Thursday, March 12, 2009 | 12:36 p.m.
- Henderson mayoral candidates to chat with voters (3-9-2009)
- City moves voter information event to Galleria Mall (2-27-2009)
- HOA plans forum for Henderson candidates (2-26-2009)
- Former police chief says he’s ready to serve again (2-10-2009)
- With no incumbents, candidates gear up for mayoral, council races (2-6-2009)
- City Hall outsider running for Henderson mayor (2-5-2009)
- Mayor reflects on change, economy in his last address (2-5-2009)
- Upset-minded candidates face uphill climb (2-3-2009)
- Henderson mayoral candidates throw hats into the ring (1-27-2009)
One thing was clear to Bill Corriell after the River Mountain Homeowners Association candidates forum Wednesday night: He's got a tough choice to make.
"There are five qualified candidates for mayor," said the Henderson resident. "Each could equally serve. They were all well-spoken and understood the concerns of the neighborhood."
The HOA invited the five Henderson mayoral candidates, five candidates for City Council's Ward III and two for Municipal Court judge to present their views to residents and meet with them face-to-face afterward.
About 100 residents and supporters crowded into the banquet room at Railroad Pass for the 90-minute forum.
Each of the candidates introduced themselves and summarized the issues of most concern to them before responding to a set of questions collected from the audience.
The field is more crowded than in recent municipal elections because of a lack of incumbents. Mayor Jim Gibson and Ward III City Councilman Jack Clark were not eligible to run because of term limits.
Running for mayor are City Councilmen Andy Hafen and Steve Kirk, former City Councilwoman Amanda Cyphers, former Police Chief Michael Mayberry and attorney Richard Sipan.
They were asked about the $220,000 lobbying contract the city signed with former Police Chief and Speaker of the Assembly Richard Perkins, the local economy and whether development should be halted given the number of vacant businesses.
Karen Wade said she came into the forum undecided on the mayoral candidates but came away with a favorite.
She liked Cyphers' idea of a Henderson Helping Henderson volunteer network, though, she said, "she's not my choice."
Her husband, Shirl, said he had narrowed his choices to two. "We do need to have good leaders and need to come to these things so we know who they are," he said.
The City Council candidates are businesswoman Kathleen Boutin, who founded the Nevada Partnership for Homeless Youth; Bruce Cutler, a retired insurance salesman and member of the Whitney Ranch Homeowners Association Board of Directors; Cathy Rosenfield, the volunteer chairwoman of the Henderson Parks and Recreation Board; Jason Frayer, a telecommunications consultant and adjunct professor at the College of Southern Nevada; Brandon Casutt, a sign company owner; and Jim Dunn, a real estate company owner.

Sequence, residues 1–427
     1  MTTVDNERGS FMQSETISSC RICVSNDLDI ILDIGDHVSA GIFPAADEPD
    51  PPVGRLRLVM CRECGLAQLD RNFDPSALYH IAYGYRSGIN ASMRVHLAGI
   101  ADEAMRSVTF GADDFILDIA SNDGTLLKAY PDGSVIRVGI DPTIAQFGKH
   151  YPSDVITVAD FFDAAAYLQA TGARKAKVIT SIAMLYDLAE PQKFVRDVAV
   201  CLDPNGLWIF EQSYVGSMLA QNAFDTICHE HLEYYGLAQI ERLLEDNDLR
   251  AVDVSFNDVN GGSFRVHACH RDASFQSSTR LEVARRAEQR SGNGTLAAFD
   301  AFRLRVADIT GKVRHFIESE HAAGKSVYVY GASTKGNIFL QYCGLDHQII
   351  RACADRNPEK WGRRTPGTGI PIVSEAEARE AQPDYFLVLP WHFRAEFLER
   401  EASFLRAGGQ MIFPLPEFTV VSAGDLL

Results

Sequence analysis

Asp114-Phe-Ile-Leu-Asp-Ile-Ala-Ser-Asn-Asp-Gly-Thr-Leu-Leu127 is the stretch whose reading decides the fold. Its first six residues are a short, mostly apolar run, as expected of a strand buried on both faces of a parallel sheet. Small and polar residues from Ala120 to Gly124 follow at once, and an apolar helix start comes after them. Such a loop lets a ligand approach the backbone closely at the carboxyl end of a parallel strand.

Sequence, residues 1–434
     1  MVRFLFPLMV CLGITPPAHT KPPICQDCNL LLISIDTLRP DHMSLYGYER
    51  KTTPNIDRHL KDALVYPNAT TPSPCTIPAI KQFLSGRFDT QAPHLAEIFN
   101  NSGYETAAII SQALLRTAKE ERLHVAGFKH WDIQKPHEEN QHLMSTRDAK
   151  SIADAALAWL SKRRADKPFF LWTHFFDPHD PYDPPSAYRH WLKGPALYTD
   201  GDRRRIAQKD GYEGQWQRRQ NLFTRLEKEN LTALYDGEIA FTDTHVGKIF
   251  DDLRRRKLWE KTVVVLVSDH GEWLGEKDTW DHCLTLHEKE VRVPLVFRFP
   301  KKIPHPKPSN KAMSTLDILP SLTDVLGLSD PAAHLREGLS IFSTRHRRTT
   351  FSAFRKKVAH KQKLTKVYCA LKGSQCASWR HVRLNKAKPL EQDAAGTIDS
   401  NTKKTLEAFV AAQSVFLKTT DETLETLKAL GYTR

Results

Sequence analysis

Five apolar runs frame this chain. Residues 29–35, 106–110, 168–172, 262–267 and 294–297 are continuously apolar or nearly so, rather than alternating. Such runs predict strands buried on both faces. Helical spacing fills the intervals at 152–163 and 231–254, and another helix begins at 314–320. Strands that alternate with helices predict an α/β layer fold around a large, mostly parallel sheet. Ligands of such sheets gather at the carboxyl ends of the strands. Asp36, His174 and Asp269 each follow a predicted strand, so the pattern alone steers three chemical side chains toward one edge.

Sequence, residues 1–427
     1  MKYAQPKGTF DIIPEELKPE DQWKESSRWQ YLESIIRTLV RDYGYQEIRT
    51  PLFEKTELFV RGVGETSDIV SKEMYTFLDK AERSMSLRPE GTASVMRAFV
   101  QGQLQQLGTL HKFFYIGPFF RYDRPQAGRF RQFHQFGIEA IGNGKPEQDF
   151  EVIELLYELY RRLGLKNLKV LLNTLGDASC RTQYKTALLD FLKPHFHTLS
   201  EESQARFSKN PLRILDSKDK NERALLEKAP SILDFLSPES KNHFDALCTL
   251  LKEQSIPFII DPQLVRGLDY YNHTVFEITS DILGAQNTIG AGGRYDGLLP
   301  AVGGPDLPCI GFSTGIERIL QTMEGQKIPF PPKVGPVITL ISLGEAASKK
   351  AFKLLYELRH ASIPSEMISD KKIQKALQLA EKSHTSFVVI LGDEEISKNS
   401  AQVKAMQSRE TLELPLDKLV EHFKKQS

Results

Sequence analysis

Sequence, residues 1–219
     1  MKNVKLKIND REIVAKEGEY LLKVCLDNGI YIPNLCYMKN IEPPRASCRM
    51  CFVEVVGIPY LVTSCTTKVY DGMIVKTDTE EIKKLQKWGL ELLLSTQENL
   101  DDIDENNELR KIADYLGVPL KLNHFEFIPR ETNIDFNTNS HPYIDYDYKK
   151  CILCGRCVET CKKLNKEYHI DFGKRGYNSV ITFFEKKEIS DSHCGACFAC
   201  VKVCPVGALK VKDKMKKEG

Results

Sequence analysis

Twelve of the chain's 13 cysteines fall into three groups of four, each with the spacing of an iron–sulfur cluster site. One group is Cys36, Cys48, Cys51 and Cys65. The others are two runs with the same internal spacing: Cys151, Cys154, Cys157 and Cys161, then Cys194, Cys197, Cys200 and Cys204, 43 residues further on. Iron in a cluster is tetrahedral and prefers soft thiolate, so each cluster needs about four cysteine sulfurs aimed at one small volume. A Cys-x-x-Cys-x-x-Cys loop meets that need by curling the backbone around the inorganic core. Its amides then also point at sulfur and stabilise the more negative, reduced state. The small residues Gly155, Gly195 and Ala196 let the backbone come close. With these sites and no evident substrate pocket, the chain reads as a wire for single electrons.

Frayer, Casutt and Dunn did not attend.
After their introductory remarks, they were asked about how they would prevent illegal ATV use of trails, especially in the rural River Mountain area.
Only Rosenfield volunteered an answer. She noted that some residents do not want ATV use in the city and some support it, but that Henderson police will enforce the vehicles' restrictions. She appealed to the residents to call police when they see infractions.
River Mountain HOA President Diane Booker responded to Rosenfield's answer, noting that no motorized vehicles were allowed in their area, because it is considered a critical environment for bighorn sheep and desert tortoises.
"We need help," she said.
The two candidates for Municipal Court judge also made their cases for the job.
Incumbent Municipal Judge Douglas Hedger pointed to the programs he has started during his six-year term – programs for habitual offenders and outreach to elementary school students – as well as the experience on the bench his first term has given him.
Matthew Zobrist, a Henderson police officer, said he wants to put his newly minted law degree to work in the municipal court as a judge. He graduated from the Boyd School of Law at UNLV in 2006 and passed the state bar exam in 2007.
He said as a police officer, he has been with offenders, victims and witnesses. "I know how crimes affect people personally," he said. Intervention is needed at the level of misdemeanors, the least serious crimes, so that offenders do not move to more serious crimes, he said.
Harriett Reynolds said the forum helped her choose her favorite for municipal judge, but "other than that, I will probably be undecided to the end."
Booker said she was pleased with the turnout. Last fall, a similar forum for the legislative and County Commission races drew more candidates than voters, she said.
"There is a new enthusiasm," she said. "I just want Henderson to have a good turnout."
Jean Reid Norman can be reached at 990-2658 or email@example.com.